Below is the full text of A policy for music in post war Britain (London: Workers’ Music Association, 1945). I find this a fascinating text, not least because of the vast chasm between its proposals and many of those now advocated by those laying claim to ‘progressive’ ideals. Above all, the socialist foundation of the thinking here rightly precludes any naive celebration of commodity music; on page 4, we read that ‘It would be a failure in their social duty, if musicians were to leave this natural instinct of the people [for jazz] to be exploited for commercial purposes, instead of making it a starting point for developing a wider appreciation of the whole range of music’. As pages 13-14 make clear, the authors are clearly sympathetic to popular music but deeply sceptical towards the industry around it. Elsewhere there are clear indications of opposition to any deskilling of music educators, advocacy of education in advanced modern music, state support for the arts at both national and local levels, and a clear commitment to independence of the BBC from commercial interests.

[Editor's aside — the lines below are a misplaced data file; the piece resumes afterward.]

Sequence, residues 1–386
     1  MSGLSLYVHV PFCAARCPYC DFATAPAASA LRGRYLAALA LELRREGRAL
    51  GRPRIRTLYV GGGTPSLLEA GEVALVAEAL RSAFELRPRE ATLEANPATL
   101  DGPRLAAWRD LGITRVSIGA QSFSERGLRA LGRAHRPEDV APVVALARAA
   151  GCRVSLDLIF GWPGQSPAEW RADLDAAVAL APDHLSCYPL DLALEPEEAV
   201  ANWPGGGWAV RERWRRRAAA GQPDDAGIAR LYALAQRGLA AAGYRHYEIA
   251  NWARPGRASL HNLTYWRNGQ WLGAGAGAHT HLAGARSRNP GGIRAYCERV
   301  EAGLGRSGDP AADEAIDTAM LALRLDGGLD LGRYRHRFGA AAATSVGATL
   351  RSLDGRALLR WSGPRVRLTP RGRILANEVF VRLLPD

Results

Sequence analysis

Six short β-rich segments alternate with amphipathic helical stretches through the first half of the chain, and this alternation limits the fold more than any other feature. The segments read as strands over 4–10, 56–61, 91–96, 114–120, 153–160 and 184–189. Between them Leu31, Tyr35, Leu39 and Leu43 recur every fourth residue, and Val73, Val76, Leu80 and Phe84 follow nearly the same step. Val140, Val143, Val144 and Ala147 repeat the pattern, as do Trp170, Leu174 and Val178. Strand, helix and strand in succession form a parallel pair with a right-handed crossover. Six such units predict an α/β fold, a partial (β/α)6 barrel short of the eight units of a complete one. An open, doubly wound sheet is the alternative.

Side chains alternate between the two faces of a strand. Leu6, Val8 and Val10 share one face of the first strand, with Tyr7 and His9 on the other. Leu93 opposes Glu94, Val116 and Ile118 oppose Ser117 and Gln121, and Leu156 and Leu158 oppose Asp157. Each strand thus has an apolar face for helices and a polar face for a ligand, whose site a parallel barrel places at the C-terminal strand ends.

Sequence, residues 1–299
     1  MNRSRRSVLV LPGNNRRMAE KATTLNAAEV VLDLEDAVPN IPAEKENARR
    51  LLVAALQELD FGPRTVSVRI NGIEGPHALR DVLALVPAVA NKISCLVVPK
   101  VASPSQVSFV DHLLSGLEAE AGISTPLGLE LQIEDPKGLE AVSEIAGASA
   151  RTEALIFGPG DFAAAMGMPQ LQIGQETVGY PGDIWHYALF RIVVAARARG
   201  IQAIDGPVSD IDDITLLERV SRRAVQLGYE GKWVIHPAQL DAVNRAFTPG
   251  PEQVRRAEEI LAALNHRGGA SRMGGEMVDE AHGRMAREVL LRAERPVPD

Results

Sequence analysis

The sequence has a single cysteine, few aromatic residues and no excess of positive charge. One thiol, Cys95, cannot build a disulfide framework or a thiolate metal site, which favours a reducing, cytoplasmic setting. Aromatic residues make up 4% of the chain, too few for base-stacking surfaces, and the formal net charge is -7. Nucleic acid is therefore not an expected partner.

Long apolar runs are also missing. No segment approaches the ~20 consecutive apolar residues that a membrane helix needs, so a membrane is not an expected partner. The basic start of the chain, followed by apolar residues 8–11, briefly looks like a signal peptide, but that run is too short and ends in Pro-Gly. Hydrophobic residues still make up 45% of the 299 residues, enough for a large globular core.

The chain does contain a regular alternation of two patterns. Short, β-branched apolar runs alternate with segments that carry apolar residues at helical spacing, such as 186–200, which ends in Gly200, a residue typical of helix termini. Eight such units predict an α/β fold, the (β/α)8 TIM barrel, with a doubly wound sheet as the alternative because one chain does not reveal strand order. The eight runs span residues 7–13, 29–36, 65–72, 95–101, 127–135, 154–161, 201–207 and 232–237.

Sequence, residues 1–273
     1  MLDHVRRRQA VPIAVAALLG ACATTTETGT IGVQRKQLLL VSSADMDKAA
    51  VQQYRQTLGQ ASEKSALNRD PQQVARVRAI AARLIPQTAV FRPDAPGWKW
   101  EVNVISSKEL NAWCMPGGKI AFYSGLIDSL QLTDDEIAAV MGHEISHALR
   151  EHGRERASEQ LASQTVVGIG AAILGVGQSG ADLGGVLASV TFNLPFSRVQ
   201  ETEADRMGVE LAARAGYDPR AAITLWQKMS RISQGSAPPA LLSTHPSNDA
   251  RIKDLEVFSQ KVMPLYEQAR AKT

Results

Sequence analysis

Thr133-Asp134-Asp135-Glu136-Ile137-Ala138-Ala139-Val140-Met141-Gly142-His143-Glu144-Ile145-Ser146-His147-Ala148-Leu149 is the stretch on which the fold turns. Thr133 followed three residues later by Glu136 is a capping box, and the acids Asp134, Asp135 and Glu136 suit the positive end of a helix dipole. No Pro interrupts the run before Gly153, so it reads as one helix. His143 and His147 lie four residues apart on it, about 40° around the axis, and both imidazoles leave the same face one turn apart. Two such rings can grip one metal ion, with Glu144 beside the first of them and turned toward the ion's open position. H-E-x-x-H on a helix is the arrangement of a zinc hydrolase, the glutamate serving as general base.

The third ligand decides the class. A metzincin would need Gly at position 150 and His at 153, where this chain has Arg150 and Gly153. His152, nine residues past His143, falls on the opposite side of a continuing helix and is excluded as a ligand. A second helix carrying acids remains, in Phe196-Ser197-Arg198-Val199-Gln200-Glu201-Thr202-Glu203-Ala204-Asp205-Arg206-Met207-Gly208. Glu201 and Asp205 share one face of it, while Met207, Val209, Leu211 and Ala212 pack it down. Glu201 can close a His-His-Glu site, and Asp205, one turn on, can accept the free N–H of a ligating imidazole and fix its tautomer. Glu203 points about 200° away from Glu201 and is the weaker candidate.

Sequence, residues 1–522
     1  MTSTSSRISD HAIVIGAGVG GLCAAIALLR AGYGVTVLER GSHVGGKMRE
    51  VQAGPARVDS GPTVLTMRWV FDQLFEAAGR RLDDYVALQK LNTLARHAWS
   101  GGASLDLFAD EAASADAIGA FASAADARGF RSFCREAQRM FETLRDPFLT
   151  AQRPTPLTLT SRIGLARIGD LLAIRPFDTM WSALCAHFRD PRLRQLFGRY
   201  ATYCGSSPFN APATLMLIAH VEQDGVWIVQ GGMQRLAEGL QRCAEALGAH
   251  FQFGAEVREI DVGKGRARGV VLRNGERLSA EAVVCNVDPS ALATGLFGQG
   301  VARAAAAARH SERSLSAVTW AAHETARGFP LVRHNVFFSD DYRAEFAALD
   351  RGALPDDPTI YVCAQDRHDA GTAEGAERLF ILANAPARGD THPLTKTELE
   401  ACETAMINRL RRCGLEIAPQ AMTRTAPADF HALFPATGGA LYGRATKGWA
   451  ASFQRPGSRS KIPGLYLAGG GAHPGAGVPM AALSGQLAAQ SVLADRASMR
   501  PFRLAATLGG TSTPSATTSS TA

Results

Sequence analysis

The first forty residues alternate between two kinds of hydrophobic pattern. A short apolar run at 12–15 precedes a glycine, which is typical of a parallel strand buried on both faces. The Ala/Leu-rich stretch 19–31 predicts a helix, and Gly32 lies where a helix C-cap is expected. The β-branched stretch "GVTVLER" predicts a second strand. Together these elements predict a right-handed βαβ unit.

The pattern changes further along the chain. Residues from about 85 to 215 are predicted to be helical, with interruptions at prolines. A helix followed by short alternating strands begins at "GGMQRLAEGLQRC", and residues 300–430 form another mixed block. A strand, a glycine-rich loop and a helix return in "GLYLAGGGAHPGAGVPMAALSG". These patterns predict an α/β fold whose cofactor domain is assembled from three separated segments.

This is not to say that the arguments presented in this pamphlet are unproblematic – it would be surprising if any document published over 70 years ago was so. But I believe this definitely rewards reading, if nothing else to see how conceptions of musical life such as will service the interests of all classes in society have changed quite drastically over a period of time.